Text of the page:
Restoring eroded peatlands reduces flood risk for communities downstream

    Scientists from The University of Manchester, The University of Aberdeen and Newcastle University have found that the restoration of upland peatlands is a highly effective strategy for reducing downstream flooding.

    New modelling approaches combined with long-term data collection on the peatlands of Kinder Scout where restoration work has taken place have allowed the experts to demonstrate that meaningful flood protection can be delivered during large storms, and has the potential to offer significant protection to communities at risk of flooding in locations where traditional hard engineering may not be economically viable.

    The model was built using data from a field experiment conducted with Moors for the Future Partnership looking at the impact of restoration on runoff on Kinder Scout in the south Pennines. In 2022, the Kinder Scout National Nature reserve managed by National Trust was extended – partly in recognition of the importance of the scientific research that was taking place there. The new findings further emphasise the value of controlled long-term landscape experiments in understanding the impact of peatland restoration work.

    0
    news.sky.com Bumper breeding year for terns at Montrose Basin Wildlife Reserve as seabirds attempt to recover from killer avian flu

    More than 100 chicks have hatched at the Scottish Wildlife Trust's Montrose Basin Visitor Centre and Wildlife Reserve. It is the best year for terns at the Angus site since 2017.

    Bumper breeding year for terns at Montrose Basin Wildlife Reserve as seabirds attempt to recover from killer avian flu

    It's been a bumper breeding year for terns at a wildlife reserve as the species attempts to recover from avian flu that wiped out seabirds across the country.

    More than 40 breeding pairs of common terns have nested at Montrose Basin Visitor Centre and Wildlife Reserve, with more than 100 chicks hatched.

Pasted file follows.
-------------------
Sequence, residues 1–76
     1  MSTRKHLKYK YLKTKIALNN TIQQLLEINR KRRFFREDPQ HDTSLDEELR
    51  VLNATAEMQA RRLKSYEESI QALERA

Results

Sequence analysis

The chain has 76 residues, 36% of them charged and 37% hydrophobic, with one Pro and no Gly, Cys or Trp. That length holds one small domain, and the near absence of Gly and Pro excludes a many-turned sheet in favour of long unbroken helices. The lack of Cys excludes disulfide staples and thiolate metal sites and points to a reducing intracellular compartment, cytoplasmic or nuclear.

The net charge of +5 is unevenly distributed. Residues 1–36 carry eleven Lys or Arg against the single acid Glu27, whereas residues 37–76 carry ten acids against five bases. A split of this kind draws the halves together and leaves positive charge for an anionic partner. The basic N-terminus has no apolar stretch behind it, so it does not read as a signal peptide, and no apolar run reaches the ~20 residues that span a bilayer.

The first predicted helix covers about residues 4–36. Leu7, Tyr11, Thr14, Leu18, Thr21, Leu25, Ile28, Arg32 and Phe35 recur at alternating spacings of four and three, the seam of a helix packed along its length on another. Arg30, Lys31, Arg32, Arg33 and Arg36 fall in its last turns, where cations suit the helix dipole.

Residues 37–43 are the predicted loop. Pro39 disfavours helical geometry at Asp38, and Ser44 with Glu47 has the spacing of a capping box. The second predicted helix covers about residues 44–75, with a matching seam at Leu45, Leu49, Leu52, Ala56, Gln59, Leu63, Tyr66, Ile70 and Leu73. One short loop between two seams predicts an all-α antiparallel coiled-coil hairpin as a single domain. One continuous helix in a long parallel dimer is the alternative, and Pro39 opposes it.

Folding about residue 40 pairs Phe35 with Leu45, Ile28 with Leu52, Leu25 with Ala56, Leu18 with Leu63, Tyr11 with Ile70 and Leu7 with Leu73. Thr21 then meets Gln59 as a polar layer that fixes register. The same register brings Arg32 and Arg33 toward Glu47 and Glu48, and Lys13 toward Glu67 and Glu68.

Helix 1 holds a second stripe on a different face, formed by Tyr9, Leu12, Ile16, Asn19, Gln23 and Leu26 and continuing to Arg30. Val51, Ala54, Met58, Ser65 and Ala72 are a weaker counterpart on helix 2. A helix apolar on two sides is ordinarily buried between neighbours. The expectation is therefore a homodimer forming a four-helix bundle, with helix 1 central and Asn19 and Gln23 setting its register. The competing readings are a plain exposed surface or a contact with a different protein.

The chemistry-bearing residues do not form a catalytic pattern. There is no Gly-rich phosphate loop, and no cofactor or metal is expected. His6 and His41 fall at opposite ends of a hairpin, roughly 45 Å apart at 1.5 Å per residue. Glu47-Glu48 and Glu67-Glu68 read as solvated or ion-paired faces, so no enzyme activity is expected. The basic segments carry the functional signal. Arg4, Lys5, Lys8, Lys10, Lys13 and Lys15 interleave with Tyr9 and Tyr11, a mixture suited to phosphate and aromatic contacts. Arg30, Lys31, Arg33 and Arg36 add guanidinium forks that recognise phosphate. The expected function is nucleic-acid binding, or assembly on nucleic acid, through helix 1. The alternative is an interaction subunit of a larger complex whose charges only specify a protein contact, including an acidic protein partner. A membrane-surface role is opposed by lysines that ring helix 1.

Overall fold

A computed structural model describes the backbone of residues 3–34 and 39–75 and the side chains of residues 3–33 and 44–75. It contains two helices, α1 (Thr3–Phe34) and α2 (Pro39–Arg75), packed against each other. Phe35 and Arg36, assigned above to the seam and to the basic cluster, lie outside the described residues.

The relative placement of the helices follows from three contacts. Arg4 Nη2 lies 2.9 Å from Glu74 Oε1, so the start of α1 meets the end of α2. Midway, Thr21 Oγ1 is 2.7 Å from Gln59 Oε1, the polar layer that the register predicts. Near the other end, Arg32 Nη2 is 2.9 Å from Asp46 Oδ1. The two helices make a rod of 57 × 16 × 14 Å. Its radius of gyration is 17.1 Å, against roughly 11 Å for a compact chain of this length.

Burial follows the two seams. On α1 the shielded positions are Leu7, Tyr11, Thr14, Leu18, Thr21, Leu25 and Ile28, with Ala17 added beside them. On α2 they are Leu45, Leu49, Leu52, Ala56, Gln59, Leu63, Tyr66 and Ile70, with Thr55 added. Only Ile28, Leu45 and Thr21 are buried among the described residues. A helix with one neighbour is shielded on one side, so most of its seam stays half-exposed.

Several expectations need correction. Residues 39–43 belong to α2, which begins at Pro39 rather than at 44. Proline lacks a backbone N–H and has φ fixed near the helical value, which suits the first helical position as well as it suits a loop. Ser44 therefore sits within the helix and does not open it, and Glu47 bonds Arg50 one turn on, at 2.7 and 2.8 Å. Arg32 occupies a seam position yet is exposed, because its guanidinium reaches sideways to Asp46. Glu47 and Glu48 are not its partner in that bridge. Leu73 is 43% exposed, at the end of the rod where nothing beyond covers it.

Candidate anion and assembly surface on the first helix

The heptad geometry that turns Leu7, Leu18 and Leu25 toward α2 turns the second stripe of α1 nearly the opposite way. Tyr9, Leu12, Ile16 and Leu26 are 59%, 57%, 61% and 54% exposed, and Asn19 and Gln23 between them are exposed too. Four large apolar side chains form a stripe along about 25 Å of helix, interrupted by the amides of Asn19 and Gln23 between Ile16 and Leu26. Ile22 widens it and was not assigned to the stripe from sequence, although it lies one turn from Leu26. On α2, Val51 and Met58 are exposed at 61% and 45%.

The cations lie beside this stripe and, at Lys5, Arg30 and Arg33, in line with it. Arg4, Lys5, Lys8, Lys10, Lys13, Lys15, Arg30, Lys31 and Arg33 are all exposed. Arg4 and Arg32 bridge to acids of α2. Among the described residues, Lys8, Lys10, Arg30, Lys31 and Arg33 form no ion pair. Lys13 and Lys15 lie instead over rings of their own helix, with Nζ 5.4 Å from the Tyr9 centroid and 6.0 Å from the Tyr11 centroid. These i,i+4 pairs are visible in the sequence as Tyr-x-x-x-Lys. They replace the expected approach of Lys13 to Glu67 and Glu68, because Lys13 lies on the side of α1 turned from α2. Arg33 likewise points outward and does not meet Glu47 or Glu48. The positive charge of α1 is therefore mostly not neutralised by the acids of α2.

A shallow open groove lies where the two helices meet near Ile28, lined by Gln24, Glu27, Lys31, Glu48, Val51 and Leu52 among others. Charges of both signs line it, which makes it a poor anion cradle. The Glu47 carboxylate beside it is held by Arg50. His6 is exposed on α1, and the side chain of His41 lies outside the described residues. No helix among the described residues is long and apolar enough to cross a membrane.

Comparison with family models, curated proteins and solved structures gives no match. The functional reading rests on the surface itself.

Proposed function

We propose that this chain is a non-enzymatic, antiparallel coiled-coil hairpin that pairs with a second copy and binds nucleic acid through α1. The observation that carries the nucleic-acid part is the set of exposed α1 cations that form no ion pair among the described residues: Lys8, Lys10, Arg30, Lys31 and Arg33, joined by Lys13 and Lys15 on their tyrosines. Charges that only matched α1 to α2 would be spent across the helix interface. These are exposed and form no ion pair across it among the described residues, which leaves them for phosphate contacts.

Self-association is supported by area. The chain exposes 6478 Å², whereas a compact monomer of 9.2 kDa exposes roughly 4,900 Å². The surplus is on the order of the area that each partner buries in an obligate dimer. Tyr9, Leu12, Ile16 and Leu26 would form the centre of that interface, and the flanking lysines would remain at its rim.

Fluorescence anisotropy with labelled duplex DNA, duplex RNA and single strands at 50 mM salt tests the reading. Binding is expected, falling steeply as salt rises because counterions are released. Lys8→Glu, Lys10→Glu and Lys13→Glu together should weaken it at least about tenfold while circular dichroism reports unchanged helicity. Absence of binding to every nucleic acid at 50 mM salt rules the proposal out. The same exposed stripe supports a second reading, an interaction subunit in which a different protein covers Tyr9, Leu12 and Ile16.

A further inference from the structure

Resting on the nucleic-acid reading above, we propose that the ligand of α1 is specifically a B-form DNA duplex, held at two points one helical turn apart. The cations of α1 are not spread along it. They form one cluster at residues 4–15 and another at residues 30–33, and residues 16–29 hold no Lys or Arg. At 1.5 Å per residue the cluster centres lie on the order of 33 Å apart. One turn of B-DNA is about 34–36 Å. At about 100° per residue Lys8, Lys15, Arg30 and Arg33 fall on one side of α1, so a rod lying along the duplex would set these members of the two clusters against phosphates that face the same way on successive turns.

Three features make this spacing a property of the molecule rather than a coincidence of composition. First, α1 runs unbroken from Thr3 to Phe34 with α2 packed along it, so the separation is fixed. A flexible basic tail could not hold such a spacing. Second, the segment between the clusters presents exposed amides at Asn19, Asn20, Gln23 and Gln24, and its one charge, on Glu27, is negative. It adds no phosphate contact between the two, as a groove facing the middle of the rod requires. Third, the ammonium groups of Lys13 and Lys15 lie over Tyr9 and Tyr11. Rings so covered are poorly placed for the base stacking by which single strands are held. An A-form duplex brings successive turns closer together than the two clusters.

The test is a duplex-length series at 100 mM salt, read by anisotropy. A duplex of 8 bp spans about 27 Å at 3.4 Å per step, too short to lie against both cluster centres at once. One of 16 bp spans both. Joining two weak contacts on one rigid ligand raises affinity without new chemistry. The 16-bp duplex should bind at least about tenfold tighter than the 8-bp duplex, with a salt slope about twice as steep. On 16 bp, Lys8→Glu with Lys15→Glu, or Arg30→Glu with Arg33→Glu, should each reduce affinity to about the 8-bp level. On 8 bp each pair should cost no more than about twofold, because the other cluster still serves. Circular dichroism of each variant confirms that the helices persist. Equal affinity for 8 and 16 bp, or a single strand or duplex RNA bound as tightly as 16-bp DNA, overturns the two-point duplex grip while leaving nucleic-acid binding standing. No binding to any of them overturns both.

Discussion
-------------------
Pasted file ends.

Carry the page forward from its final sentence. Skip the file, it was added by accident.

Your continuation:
The Scottish Wildlife Trust, which manages the site, said 87 of the chicks were ringed by volunteers from Tay Ringing Group.

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    Hampshire and Isle of Wight Wildlife Trust unveils new Business Pledge for sustainable future

    Hampshire and Isle of Wight Wildlife Trust is proud to announce the launch of its new Business Pledge, developed in collaboration with the charity’s key partner businesses.

    Signed by 14 leading companies, corporate members and partners from across the South region, this initiative underscores the Trust’s collective commitment to supporting environmentally conscious business and sustainable growth, together with achieving national goals for nature recovery.

    0
    www.wildlifetrusts.org New report reveals that nature-friendly farming budget is inadequate to meet climate and nature targets | The Wildlife Trusts

    - New report reveals that UK Government must significantly increase nature-friendly farming budget to meet climate and nature targets  - RSPB, National Trust and The Wildlife Trusts call for long-term investment to future proof British farming and support nature recovery  - Benefits of nature-friend...